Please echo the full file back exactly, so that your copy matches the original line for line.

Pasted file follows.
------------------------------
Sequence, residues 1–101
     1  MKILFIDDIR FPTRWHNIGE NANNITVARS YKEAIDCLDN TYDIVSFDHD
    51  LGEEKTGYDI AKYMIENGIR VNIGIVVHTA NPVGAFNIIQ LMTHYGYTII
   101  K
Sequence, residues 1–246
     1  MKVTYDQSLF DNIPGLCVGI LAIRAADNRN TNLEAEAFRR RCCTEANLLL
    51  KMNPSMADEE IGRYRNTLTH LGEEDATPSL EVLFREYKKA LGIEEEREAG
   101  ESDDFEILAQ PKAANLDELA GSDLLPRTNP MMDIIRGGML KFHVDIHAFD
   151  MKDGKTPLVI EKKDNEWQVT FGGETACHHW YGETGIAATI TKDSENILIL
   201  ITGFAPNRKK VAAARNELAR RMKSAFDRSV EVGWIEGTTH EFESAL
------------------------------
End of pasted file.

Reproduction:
Sequence, residues 1–101
     1  MKILFIDDIR FPTRWHNIGE NANNITVARS YKEAIDCLDN TYDIVSFDHD
    51  LGEEKTGYDI AKYMIENGIR VNIGIVVHTA NPVGAFNIIQ LMTHYGYTII
   101  K
Sequence, residues 1–246
     1  MKVTYDQSLF DNIPGLCVGI LAIRAADNRN TNLEAEAFRR RCCTEANLLL
    51  KMNPSMADEE IGRYRNTLTH LGEEDATPSL EVLFREYKKA LGIEEEREAG
   101  ESDDFEILAQ PKAANLDELA GSDLLPRTNP MMDIIRGGML KFHVDIHAFD
   151  MKDGKTPLVI EKKDNEWQVT FGGETACHHW YGETGIAATI TKDSENILIL
   201  ITGFAPNRKK VAAARNELAR RMKSAFDRSV EVGWIEGTTH EFESAL